It’s hard for the Israelis to understand, but other than the United States, they have no real allies and defenders in their war against Hamas. Now the Israel Defense Forces (IDF) has played a 40-minute video to foreign journalists, recorded from cell phones and surveillance cameras, showing the actual course of the horrific Hamas attack on southern Israel on October 7th.

The wanton killing, the dialogue – not acted but spoken in real time, without interruptions by correspondents, without comments from experts – convey the horror of the victims and the joy of the terrorists as they slaughtered more than 1,400 Jews and kidnapped 240 more people.

Israel is spreading the harrowing story of that terrible day as an antidote to the overwhelmingly negative publicity Israel is receiving for its campaign to destroy Hamas from its hideouts in Gaza. An Israeli diplomat said that recounting the exact events could convince some of those protesting the bombings of the need to drive Hamas out of existence.

For Israelis, the reaction even from countries with which Israel is on friendly terms is more than frustrating. It’s incomprehensible. Israel’s friends may condemn Hamas for opening the war, but NATO countries are still not coming to Israel’s defense. Unlike the Ukrainians who fought the Russians, the IDF has not received ammunition and equipment from NATO members other than the United States.

Anti-Israel sentiment is strong in European cities. Apparently, NATO leaders prefer to wait out the war, hoping it doesn’t spread, while praying for the bloodshed to stop.

For the Israelis, fighting with American money and weapons, the campaign to root out Hamas’s hideouts and tunnels will not be easy. Israel estimates that Hamas includes at least 40,000 armed fighters for whom terrorism is a prerequisite for waging war. At the high end, Hamas could have up to 100,000 weapons. The numbers are not certain, an Israeli diplomat told me.

What is certain is that it will be extremely difficult to expel the terrorists from a network of tunnels that snake hundreds of kilometers beneath the city’s streets. Above ground, Hamas operates in and around hospitals and other civilian infrastructure, knowing that the IDF would hesitate to attack them for fear of killing civilians, including women and children.

A woman lights a candle placed on a sign with an Israeli flag and at a vigil for the hostages taken by Hamas during its Oct. 7 attack at Dizengoff Square in central Tel Aviv, Nov. 7, 2023 handwritten notes.JACK GUEZ/AFP via Getty Images

The Israelis say they are following the rules of war. Their targets are the headquarters, the battlefields, the fortifications, the headquarters of Hamas. They do not intentionally mow down civilians, although the death of non-combatants is inevitable in any war.

NATO’s hesitation to side with Israel, even when it comes to offering moral support, raises the question of what to expect if war were to break out in Asia if North Korean leader Kim Jong Un decides it is now time to attack the country Americans, Japanese or South Korea. Or what if Chinese President Xi Jinping orders the takeover of Taiwan, the independent island province that China claims as its own?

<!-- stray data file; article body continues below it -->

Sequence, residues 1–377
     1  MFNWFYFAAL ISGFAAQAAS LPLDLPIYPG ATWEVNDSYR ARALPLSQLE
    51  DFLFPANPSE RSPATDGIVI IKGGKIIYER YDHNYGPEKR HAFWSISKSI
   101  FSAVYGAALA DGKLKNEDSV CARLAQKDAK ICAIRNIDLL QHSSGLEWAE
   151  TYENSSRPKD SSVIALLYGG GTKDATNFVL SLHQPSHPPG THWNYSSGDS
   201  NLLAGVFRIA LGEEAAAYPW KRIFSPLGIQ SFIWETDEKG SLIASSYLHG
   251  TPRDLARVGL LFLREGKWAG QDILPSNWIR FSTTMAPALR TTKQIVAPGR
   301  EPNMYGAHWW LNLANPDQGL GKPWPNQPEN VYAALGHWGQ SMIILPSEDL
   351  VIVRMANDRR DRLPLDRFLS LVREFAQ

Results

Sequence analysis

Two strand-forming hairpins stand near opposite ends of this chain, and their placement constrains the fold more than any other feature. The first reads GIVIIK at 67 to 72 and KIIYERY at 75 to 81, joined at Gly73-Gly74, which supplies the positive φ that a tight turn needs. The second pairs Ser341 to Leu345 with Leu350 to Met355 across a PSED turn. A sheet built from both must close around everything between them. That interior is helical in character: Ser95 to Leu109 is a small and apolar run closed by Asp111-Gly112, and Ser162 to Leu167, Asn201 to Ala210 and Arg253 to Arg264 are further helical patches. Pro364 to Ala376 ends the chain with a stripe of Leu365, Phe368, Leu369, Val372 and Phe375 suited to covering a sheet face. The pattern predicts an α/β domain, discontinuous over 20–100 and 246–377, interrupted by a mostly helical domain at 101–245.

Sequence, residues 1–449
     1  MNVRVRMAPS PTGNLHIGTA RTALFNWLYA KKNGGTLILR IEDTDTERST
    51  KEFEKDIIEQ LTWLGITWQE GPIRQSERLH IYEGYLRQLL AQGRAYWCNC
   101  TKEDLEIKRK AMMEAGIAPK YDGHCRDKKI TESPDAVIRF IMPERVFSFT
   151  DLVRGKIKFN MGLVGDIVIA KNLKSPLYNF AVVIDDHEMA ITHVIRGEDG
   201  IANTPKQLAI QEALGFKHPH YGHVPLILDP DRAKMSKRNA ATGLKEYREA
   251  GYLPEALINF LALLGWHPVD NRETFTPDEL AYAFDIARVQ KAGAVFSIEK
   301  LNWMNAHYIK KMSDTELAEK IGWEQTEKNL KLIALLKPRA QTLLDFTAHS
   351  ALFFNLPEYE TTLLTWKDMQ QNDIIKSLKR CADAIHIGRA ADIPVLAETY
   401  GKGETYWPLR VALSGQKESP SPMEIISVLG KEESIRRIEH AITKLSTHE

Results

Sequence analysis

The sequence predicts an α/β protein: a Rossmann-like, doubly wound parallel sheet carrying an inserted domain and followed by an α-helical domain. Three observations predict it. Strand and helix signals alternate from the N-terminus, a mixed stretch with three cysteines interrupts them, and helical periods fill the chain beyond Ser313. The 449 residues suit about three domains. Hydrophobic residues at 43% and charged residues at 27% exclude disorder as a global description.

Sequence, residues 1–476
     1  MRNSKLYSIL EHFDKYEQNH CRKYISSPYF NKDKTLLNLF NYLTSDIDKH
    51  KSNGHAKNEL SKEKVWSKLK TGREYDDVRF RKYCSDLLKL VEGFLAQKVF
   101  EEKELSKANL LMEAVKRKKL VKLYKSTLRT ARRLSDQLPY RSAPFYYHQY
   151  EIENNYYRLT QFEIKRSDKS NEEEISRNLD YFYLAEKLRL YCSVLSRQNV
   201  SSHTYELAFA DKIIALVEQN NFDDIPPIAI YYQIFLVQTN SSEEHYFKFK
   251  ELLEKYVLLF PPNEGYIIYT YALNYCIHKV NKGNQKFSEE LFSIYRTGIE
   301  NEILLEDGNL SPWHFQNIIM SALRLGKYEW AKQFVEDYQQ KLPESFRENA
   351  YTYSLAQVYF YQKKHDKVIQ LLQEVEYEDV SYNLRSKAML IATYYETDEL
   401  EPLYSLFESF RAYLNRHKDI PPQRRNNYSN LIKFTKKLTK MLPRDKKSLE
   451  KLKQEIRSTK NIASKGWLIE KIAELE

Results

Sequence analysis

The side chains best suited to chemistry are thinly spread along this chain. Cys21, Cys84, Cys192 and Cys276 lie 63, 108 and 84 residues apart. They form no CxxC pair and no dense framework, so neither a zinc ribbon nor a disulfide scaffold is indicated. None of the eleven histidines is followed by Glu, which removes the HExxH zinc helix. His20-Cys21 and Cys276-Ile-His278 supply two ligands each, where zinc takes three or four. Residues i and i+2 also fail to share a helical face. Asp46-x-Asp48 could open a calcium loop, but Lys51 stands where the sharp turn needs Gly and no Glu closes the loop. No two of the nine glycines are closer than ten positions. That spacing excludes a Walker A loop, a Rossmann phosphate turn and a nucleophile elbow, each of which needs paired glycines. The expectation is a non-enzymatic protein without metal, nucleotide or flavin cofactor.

The commitment of the United States, Japan and South Korea to jointly combat threats from China and North Korea provides a level of security that Israel cannot enjoy. Aside from a joint statement by the leaders of the United States, United Kingdom, Germany, France, and Italy shortly after the Hamas attack: who but the United States is rushing to Israel’s defense?

However, beyond its dependence on the US, Israel has some cards in its hand. The Islamic Republic of Iran may be arming both Hamas and Hezbollah in southern Lebanon and the Houthi rebels in Yemen, but does anyone think Iran will go to war for its proxies? It is obviously far better for Iran to watch these militant groups fight.

Elsewhere in the Middle East, none of the Arab countries want to risk lives and money for the 2.3 million Palestinians trapped in a slum devastated by bombings. The Palestinians themselves seem to be divided: the people of Gaza cannot expect the Palestinians in the West Bank to go to war for them.

Israel can also be sure that major countries that may sympathize with Hamas and the Palestinians will not do much for them. While China appears to be on Hamas’s side, it does too much business with Israel to jeopardize the connection. It is one thing to be friendly to Iran and Arab nations for the sake of investment and trade, including oil imports, but quite another to go beyond words.

For Israel, however, it is a battle that no one wins. In this war, no side, no individual will be able to declare absolute victory. There are many nagging questions. No one can answer who will rule Gaza if Israel eliminates Hamas. And where and how will the masses of Gazans survive and thrive?

For Hamas, the ideal solution would be an immediate ceasefire, as advocated by several nations and groups, including some that are at least superficially friendly to Israel. This is a complete false start for Israel. At the very least, Hamas would have to release the hostages as a condition of the “humanitarian pause” advocated by President Biden.

Freed from fear of Israeli attack and protected from reprisals, Hamas would lick its wounds while Iran picked up more weapons. But the images of Hamas’ barbarism captured on video on the first day of the war should convince ceasefire advocates of the danger of letting Hamas rule in Gaza while it prepares for the next surprise strike against Israel.

Donald Kirk has been a journalist for more than 60 years, covering conflicts in Asia and the Middle East. Today he is a freelance correspondent for North and South Korea and the author of several books on Asian affairs.

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